Let's Remember Why HISD Needed an Ethics Policy to Begin With
Gutting an ethics policy is messy, dirty work, don't make any mistake about that
The Houston ISD did not draft and adopt an ethics policy in 2012 out of the kindness of its heart.
HISD administrators and trustees did not look around the district, decide that all was good and say hey, we're bored, what can we do next?
No, brothers and sisters, let us remember HISD wrote up an ethics policy in 2012 because its board was under fire. And it should have been.
There was an almost continual stream of accusations about free exotic trips they were taking from vendors (yes Costa Rica has much to offer us), yearly consultant payments (ah, Larry Marshall and Community Education Partners), charges of violations of the RICO statutes (Larry Marshall again) and assorted school board members who voted on their vendor pals' contracts and saw nothing wrong with it. As Paula Harris famously said at one meeting, she was not about to give up her friend (Nicole West ) just because her friend's company (Westco) did a lot of business with the district.
Sure, some of the board wanted an ethics policy – some because they are honest folks and others to at least to get the local news media – the Houston Press, Texas Watchdog, the Houston Chronicle – off its back, but to say that this was everyone's want-to-do sacred mission is ridiculous.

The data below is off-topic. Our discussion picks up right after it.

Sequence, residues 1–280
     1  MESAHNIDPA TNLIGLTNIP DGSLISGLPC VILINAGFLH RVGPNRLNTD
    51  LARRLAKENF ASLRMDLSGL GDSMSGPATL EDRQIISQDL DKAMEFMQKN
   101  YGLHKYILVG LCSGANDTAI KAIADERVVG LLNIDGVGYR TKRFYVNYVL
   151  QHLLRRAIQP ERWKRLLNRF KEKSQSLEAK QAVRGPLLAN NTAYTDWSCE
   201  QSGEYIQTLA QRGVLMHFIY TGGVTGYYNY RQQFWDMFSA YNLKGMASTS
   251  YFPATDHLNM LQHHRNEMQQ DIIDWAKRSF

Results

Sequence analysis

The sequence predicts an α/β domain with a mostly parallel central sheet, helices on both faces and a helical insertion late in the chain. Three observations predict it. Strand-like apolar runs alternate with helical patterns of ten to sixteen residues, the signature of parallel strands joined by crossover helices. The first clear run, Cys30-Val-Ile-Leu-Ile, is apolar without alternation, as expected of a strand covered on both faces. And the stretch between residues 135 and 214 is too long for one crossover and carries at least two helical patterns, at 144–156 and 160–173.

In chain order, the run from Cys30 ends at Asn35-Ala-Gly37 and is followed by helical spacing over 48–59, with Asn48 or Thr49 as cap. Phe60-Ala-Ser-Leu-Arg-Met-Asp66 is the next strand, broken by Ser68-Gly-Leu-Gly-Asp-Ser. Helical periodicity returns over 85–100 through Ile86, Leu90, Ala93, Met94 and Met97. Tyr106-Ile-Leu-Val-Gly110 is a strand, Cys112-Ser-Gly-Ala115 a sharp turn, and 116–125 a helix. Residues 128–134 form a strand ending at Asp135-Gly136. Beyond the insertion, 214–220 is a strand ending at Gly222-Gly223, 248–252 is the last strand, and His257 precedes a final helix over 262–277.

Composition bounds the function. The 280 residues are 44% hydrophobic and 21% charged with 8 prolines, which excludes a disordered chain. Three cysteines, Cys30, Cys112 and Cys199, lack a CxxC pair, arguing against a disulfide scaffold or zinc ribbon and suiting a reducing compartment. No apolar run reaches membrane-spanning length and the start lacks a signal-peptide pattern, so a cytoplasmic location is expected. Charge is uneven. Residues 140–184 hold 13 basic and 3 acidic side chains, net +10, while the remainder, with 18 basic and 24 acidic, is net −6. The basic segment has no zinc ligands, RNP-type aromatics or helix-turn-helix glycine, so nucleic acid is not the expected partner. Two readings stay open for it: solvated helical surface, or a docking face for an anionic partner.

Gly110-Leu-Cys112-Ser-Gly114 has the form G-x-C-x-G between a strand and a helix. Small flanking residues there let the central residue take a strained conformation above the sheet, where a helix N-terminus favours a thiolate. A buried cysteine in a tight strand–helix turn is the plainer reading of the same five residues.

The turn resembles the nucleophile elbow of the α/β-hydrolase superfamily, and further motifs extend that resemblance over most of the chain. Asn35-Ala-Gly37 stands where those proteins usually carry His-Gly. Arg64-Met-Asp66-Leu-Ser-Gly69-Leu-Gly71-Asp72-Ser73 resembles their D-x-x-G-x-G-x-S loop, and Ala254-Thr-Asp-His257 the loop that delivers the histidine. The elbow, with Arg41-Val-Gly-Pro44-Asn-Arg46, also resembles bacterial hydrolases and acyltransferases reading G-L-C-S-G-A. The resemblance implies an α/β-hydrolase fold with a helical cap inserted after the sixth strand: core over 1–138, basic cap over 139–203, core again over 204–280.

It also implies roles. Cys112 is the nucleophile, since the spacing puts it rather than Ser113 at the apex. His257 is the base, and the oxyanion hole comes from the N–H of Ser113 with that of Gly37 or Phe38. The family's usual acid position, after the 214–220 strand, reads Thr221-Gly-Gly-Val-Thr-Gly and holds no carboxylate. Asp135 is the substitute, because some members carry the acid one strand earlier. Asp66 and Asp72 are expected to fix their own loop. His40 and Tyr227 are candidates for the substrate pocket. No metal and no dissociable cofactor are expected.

They didn't all want to; they had to. They had to after YEARS of questionable dealings, which most recently includes an audit report that did not find HISD covered in glory, an audit that in fact that said the most basic of checks and balances were missing from its contract process.
And now some of them want to take it back. (Not all, trustee Anna Eastman says she can't believe it's even up for reconsideration.)
Yes, that's what's on the agenda for tonight's meeting starting at 5 p.m. The key provision they've targeted which will effectively gut whatever they've tried to do states that a board member who accepts $500 or more in one year from particular vendor must publicly disclose that and recuse himself or herself from any discussion on contracts that vendor is vying for. The board member also cannot vote on that vendor's contract.
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Trustees can still take handouts/contributions for their political campaigns. They just have to tell us all they've done so. And then, not vote on any contracts involving those firms. Or get to join in on the discussion leading up to the vote.
Simple enough but apparently far too constricting for some of the wheeler dealers on the HISD board. So show up at 5 p.m. and get ready to listen. Or maybe there won't be any talk at all. Maybe it will just pass quietly.
But not without notice. Let's not let it be without notice.
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